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From the Andes to the Ecuadorian Amazon, my experience!

Story by Latin Trails - Galapagos Journey Cruises

Posted: August 20, 2018
Cotopaxi Volcano

As an Ecuadorian, it makes me proud think that I come from an exuberant country, very rich in culture, flora, fauna, and life! Nonetheless, I´ve been living more than half of my life in Germany, and I haven´t had the opportunity to discover the wonders of Ecuador until now.

One of the things that catch my attention is the contrasts in vegetation that I can see from region to region through the mountains. I began from the rocky and volcanic fields to the bushy cloud forest that host many species of birds, insects, flowers, and so on. Not in vain Ecuador is known as the country with the highest biodiversity per square meter worldwide. In this opportunity, I would like to share my experience traveling from the Andes to the Amazon.

My journey began in Quito, the second highest capital in the world. We crossed the heritage city passing through the valley of Antisana highlands. Thank god that the fog started to dissipate, so it let us felt the wonder of being in the Andes, but right in the equatorial line, in the middle of the world.

It´s impressive how the temperature quickly changes from the Andean cold to the humid and heat Amazonian weather in a few hours. That´s why, due to this geographical variation many animal species live in the barrier between the Andes and the Amazon; surrounded by green lands just in the entrance of the lungs of the world, where plants are so exuberant.

Papallacta Hot Spring

The journey allows us to do strategic stops. The first one is at the hot springs of Papallacta, which means land of potatoes in Quichua. This town comes from the Inca´s period, before the colonization, and since then the healing effect of its sulfuretted water has caught the attention of locals, and nowadays of visitors.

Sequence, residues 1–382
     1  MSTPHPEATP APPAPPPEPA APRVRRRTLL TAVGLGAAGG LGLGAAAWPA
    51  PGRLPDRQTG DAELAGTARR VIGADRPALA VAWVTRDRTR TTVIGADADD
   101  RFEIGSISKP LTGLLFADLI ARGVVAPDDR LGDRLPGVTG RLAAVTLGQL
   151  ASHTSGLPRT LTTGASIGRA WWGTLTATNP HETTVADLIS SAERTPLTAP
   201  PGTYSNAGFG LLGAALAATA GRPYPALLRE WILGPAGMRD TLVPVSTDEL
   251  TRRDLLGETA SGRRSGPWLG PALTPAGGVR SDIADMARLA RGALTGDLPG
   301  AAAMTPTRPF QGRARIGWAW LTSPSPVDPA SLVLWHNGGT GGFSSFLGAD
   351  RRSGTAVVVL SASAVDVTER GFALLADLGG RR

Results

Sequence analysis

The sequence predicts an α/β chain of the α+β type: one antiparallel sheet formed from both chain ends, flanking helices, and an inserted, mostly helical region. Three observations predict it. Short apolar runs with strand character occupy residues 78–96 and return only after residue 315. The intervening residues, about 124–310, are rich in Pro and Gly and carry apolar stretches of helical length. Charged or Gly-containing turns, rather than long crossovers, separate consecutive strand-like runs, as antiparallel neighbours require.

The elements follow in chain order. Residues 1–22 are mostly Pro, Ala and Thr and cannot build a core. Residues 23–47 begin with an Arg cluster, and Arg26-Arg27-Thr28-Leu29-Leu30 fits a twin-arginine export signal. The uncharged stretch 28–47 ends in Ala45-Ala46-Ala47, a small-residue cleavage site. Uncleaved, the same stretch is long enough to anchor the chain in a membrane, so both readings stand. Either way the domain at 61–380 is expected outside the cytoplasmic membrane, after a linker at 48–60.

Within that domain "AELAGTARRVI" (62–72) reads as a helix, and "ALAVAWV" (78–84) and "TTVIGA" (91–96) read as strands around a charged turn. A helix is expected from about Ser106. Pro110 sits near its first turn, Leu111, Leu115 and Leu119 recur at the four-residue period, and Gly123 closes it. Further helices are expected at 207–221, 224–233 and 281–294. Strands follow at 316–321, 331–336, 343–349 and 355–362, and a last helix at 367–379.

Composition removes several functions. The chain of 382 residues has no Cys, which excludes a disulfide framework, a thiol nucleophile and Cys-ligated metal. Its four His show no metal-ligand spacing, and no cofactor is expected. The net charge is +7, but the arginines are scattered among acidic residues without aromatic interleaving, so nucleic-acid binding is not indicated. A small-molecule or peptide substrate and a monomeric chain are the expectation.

Our next stop, which I considered mandatory during the journey, it is the hummingbird sanctuary of Guango Lodge. It is an own private reserve that protects the cloud forest, where endemic birds live in a safe environment. For bird watchers, this stop is a must, and even for someone like me, that struggles to watch the birds in the forest the atmosphere and the hummingbirds make unforgettable the experience at this place.

There is also another option ideal for people looking for more adventure, which is Peña de Pivico and its climbing wall. It is a volcanic stone that stands out from the bushes that have several climbing routes for different levels. However, for those people that are not climbers, like me, there are also many walking paths, restrooms, lookout points, and summer houses, all of them built with eco-friendly materials.

Then, we continue the journey by car until reach Baeza, which is the second biggest settlement in this sector. The area divides in two, Old Baeza and New Baeza. The first trekking that we did was from Baeza Colonial, going to the radio masts above the city. From here the view is breathtaking, we could see the waterfalls. I cannot deny, personally, that long treks excite me.

Andean Street Market

At the southeast, we found the Antisana Ecological Reserve while at the Southeast it is the Sumaco-Galeras National Park, which is the more pristine and remote national park in Ecuador. Hence, we decided to visit Sumaco-Galeras, and it has two closest entrances. One it is San Isidro, 15 minutes by a car going to the south, and San Carlos who is the other it´s one hour to the east on the way to the Reventador volcano.

Once we were in Baeza, we decided to do kayaking and also visiting the highest waterfall in Ecuador, San Rafael waterfall. One interesting fact we found is that this town was one of the places were Spaniards arrived in the Colonial period to evangelize the locals, so it is common to found Quichuas and mestizos.